I. The inspector shall inspect: A. the exterior wall-covering materials, flashing and trim; B. all exterior doors; C. adjacent walkways and driveways; D. stairs, steps, stoops, stairways and ramps; E. porches, patios, decks, balconies and carports; F. railings, guards and handrails; G. the eaves, soffits and fascia; H. a representative number of windows; and I. vegetation, surface drainage, retaining walls and grading of the property, where they may adversely affect the structure due to moisture intrusion. II. The inspector shall describe: A. the type of exterior wall-covering materials. III. The inspector shall report as in need of correction: A. any improper spacing between intermediate balusters, spindles and rails. IV. The inspector is not required to: A. inspect or operate screens, storm windows, shutters, awnings, fences, outbuildings, or exterior accent lighting. B. inspect items that are not visible or readily accessible from the ground, including window and door flashing. C. inspect or identify geological, geotechnical, hydrological or soil conditions. D. inspect recreational facilities or playground equipment. E. inspect seawalls, breakwalls or docks. F. inspect erosion-control or earth-stabilization measures. G. inspect for safety-type glass. H. inspect underground utilities. I. inspect underground items. J. inspect wells or springs. K. inspect solar, wind or geothermal systems. L. inspect swimming pools or spas. M. inspect wastewater treatment systems, septic systems or cesspools. N. inspect irrigation or sprinkler systems. O. inspect drainfields or dry wells. P. determine the integrity of multiple-pane window glazing or thermal window seals.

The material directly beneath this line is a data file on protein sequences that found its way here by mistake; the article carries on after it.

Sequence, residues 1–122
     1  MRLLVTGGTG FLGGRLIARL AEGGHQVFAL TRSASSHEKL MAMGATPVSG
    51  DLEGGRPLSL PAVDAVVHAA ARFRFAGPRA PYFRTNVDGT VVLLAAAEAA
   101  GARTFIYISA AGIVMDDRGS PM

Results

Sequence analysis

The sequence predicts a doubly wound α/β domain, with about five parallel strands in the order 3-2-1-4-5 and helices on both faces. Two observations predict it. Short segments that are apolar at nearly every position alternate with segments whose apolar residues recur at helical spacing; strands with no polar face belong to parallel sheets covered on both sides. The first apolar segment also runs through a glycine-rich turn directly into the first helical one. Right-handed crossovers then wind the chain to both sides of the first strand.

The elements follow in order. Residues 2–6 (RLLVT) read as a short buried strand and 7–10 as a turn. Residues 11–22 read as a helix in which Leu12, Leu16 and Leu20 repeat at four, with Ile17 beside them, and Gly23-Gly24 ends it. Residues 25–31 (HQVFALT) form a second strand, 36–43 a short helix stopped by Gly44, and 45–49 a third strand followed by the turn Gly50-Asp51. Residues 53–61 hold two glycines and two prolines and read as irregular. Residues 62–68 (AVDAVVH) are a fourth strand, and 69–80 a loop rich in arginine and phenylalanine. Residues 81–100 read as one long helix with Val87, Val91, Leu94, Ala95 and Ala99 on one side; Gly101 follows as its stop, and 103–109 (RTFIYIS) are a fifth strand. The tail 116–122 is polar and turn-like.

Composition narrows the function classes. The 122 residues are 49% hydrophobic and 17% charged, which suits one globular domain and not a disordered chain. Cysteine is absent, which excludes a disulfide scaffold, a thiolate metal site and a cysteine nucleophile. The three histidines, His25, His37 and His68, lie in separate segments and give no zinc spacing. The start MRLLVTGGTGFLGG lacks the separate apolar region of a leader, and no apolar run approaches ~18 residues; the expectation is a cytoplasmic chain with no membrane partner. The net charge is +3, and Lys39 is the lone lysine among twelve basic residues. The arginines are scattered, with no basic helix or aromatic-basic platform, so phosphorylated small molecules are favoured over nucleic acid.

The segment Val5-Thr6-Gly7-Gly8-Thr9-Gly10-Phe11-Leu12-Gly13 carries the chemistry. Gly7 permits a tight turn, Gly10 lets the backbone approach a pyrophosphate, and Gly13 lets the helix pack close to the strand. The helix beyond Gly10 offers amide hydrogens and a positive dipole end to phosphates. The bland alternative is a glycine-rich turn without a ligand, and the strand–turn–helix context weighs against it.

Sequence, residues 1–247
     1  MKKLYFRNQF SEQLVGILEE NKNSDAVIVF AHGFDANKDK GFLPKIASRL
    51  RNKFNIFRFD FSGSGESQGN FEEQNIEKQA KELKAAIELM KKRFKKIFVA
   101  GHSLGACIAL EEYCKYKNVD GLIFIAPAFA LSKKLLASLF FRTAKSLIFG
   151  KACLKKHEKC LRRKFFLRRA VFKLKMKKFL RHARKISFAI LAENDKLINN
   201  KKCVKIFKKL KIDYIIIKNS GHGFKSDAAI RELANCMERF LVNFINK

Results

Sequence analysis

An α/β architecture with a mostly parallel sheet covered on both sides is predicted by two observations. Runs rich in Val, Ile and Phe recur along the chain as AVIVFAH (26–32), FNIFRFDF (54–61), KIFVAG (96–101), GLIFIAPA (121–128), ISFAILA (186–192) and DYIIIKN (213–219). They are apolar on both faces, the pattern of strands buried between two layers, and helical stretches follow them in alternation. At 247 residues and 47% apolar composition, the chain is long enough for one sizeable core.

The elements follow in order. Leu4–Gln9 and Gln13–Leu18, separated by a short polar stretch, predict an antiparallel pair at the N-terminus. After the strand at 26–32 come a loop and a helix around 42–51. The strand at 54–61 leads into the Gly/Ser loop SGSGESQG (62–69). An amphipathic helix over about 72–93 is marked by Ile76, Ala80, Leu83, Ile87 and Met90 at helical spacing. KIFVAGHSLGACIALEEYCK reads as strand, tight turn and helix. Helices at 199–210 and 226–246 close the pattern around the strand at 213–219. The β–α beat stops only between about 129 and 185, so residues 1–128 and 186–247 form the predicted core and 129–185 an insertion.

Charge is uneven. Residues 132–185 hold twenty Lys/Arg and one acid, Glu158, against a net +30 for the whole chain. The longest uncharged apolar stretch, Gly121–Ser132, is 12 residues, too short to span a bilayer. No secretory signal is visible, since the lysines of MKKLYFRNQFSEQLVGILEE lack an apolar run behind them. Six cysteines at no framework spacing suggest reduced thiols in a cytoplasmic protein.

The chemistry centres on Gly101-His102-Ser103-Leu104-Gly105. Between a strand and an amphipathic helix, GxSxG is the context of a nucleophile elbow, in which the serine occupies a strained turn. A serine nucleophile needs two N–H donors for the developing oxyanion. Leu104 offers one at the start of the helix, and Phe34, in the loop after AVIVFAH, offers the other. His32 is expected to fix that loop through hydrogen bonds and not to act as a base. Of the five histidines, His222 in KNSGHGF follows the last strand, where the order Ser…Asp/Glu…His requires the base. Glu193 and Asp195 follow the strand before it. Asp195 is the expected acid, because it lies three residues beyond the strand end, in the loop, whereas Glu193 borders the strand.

Flashing & trim pieces were improperly installed, which could result in moisture intrusion and damaging leaks. Recommend a qualified siding contractor evaluate and repair.